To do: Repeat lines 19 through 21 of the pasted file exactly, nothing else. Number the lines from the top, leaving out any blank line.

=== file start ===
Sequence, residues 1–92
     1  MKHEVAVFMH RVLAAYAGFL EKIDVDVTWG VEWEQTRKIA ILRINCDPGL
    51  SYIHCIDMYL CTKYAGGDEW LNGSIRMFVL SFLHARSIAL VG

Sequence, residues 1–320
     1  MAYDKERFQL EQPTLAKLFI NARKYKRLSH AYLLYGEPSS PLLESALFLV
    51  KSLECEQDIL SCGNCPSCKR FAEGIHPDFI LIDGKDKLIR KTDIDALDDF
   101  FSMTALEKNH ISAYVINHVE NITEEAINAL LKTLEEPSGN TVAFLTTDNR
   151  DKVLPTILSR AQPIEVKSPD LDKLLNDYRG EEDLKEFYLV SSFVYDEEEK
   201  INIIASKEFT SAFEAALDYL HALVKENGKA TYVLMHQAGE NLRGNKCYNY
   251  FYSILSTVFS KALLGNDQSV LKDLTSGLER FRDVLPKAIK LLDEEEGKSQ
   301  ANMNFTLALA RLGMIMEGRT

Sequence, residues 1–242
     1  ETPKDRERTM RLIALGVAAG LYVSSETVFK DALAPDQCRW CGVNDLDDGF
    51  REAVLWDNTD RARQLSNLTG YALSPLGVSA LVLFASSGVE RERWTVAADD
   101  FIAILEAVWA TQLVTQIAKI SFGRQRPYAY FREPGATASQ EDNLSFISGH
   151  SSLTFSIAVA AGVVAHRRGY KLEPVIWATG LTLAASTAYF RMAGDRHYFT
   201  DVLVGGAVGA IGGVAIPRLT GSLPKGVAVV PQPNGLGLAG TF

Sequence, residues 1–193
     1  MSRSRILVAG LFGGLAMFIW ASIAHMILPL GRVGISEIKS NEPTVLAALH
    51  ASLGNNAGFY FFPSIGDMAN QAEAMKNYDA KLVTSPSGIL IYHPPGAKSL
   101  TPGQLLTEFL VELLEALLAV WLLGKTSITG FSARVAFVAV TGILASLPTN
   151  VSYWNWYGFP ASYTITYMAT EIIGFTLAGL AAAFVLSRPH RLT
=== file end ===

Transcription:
     1  MSRSRILVAG LFGGLAMFIW ASIAHMILPL GRVGISEIKS NEPTVLAALH
    51  ASLGNNAGFY FFPSIGDMAN QAEAMKNYDA KLVTSPSGIL IYHPPGAKSL
   101  TPGQLLTEFL VELLEALLAV WLLGKTSITG FSARVAFVAV TGILASLPTN